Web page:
eKC feature
January 4, 2008

 


Best and Worst of 2007
by Russ Simmons



BEST:

Michael Clayton
A solidly made and utterly absorbing drama from first time director Tony Gilroy, Michael Clayton hits all the right notes as it exposes an ugly side of capitalism. George Clooney (Ocean’s 13) is terrific in the title role, a “fixer” for a big time Manhattan corporate law firm who works behind the scenes in a moral netherworld. His job is to find a way to protect the firm and their clients. No one asks about his means or methods.

Gilroy, the screenwriter of the Bourne movies, has contributed a smart, complex screenplay that crackles with sharp, realistic dialogue. He also gives us some concise background information that helps us understand Michael’s actions.

Tom Wilkinson, Tilda Swinton and Sydney Pollack are standouts in a solid supporting cast. But this movie belongs to Clooney. In a sensational turn of impressive depth, Clooney brings this complex character completely to life…alternately strong and vulnerable, savvy and clueless.

Hairspray
Big is beautiful, and you need look no further than Hairspray for proof. The movie musical has arrived with buoyant bouffants in tow. Rousing, energetic and infectious, this adaptation of the Tony Award-winning show piles the fun as high as a beehive hairdo. It is easily the year’s most entertaining film and supplies a painless message about inclusiveness.

There Will Be Blood
Although it doesn’t officially open until Jan. 18, Paul Thomas Anderson’s chilling adaptation of Sinclair Lewis’ novel Oil was screened in KC in December to qualify for awards consideration. Daniel Day Lewis is superb as a soulless oilman in this combination of Citizen Kane and Giant.

Sweeney Todd: The Demon Barber of Fleet Street
Amazingly, another musical made the list. Brilliantly adapted by director Tim Burton, this hit from the Great White Way stars Johnny Depp as a homicidal barber in 19th century London. The great music, talented performers and sensational art direction help make the grisly subject matter much more palatable.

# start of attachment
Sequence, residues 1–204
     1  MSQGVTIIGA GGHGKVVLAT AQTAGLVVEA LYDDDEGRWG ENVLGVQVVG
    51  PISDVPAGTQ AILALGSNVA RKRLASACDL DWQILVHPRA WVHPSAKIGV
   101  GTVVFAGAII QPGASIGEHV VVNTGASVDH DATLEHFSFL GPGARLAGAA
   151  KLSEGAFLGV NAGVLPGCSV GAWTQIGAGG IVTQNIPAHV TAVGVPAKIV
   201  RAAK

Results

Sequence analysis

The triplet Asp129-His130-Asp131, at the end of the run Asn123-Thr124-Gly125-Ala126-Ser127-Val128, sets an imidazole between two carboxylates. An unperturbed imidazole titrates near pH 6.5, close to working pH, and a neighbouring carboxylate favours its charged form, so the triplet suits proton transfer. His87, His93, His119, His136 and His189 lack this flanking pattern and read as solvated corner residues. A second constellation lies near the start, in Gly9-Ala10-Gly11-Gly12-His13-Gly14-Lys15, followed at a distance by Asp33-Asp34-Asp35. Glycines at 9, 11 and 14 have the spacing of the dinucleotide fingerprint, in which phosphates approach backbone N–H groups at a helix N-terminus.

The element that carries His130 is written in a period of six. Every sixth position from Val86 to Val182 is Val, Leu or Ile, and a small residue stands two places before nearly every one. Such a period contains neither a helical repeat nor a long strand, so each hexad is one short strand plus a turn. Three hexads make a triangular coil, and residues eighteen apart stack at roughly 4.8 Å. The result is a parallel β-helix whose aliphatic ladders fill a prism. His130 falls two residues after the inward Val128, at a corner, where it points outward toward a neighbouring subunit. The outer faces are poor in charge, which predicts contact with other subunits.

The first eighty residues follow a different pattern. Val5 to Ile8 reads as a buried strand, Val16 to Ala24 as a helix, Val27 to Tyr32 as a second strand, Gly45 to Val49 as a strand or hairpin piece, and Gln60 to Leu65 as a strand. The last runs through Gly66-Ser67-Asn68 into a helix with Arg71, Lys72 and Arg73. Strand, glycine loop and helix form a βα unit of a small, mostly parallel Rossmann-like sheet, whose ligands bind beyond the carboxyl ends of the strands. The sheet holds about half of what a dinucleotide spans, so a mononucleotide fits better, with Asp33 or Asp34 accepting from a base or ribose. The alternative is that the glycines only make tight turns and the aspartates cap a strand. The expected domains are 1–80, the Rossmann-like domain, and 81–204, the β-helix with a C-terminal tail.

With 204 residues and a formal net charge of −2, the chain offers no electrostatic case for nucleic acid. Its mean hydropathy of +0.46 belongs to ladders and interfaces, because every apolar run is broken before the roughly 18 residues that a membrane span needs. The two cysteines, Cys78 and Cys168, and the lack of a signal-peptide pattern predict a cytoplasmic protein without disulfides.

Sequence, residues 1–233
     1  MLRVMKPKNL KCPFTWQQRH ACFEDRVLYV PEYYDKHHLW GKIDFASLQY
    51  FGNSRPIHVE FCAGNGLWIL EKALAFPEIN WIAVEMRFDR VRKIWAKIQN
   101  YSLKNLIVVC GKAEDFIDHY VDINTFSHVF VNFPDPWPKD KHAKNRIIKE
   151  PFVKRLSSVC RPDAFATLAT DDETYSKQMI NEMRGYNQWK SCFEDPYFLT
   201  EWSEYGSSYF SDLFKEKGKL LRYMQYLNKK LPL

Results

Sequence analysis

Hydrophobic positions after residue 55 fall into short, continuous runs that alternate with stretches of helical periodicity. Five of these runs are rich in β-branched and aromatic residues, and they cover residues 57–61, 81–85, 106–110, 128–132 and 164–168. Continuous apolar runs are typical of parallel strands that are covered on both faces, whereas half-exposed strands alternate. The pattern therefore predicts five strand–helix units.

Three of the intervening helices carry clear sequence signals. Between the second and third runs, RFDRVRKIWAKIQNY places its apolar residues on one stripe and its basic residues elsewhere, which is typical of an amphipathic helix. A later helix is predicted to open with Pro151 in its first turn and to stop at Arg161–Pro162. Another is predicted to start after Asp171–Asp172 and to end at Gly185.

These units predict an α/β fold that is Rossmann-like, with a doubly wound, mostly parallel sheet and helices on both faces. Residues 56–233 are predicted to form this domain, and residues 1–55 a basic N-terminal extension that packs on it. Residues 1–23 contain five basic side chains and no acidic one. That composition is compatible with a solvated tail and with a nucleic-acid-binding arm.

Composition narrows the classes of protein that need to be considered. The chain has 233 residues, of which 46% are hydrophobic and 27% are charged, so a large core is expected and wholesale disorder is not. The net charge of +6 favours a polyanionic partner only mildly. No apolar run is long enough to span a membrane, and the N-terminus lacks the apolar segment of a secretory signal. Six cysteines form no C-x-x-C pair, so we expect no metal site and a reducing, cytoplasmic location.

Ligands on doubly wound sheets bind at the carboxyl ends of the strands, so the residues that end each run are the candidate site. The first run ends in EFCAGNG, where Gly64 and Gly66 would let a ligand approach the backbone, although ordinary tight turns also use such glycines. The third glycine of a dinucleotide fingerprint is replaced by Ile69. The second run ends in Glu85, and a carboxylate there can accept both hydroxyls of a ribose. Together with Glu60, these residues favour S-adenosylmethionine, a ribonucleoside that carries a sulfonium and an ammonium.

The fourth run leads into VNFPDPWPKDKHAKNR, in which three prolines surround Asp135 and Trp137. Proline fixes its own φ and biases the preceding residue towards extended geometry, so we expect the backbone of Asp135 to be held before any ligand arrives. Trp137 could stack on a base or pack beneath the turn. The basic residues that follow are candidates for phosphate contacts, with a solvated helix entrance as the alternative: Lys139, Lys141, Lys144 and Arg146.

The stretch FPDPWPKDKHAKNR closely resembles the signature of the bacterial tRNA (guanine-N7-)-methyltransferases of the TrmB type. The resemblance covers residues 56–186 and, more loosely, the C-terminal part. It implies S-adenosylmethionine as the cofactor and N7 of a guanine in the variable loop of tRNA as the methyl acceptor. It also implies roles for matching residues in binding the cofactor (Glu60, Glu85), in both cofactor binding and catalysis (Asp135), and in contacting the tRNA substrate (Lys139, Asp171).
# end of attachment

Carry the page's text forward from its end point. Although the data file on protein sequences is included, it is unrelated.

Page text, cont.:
Ratatouille
Ratatouille is a beautifully rendered and intelligent animated offering from Pixar, telling the story of a culinary genius who happens to be a rat. An arthouse cartoon, it raises the bar both in terms of sophisticated storytelling and in visual splendor.

Honorable mention:
No Country for Old Men, Once, Zodiac, Atonement, After the Wedding.


WORST:

Daddy Day Camp
If there were ever someone in dire need of a new agent, it’s Oscar winner, Cuba Gooding, Jr. What on earth is he thinking? His latest film is a mind-numbingly bad family flick called Daddy Day Camp. A sequel to Eddie Murphy’s 2003 comedy Daddy Day Care, this cheaply and awkwardly made movie is so awful that even Murphy (who made Norbit, for crying out loud) wouldn’t touch it

The Condemned
Whoever decided that World Wrestling Entertainment should get involved in producing movies should be condemned. Stone Cold Steve Austin plays a death row inmate in a Central American prison. He’s given an opportunity to win his freedom by fighting to the death with other prisoners. The onscreen mayhem makes the movie’s so-called “anti-violence” message seem like the penultimate of hypocrisy.

September Dawn
Near the end of this historical drama, a character yells, “Just kill me!” Audience members will want to say the same thing. Jon Voight stars in this amateurish melodrama that purports to the true story of the massacre of settlers by Mormons pioneers.

Pathfinder
Pathfinder recreates a period of history with comic book mentality. Unlike 300, it lacks the artistic vision to pull it off gracefully. It tells a fable about the Native Americans’ efforts to rebuff Viking invaders 600 years before Columbus. As author Frank Miller says, “F*** history!”

Bratz!
Bratz: The Movie is a live action comedy inspired by the line of dolls that some groups claim inspire young girls to become pint-sized “hoochie mamas.” The story concerns the high school tribulations of four teens with a “passion for fashion.” It’s loud, annoying and unintentionally offensive.

Dishonorable mention:
Who’s Your Caddy, The Seeker: Dark is Rising, Reno 911: Miami, Because I Said So, Good Luck Chuck.



              
              
                 

2008 Discovery Publications, Inc. 1501 Burlington, Ste. 207, North Kansas City, MO 64116
(816) 474-1516; toll free (800) 899-9730; fax (816) 474-1427

The contents of eKC are the property of Discovery Publications, Inc., and protected under Copyright.
No portion may be reproduced in whole or part by any means without the permission of the publisher. Read our Privacy Policy.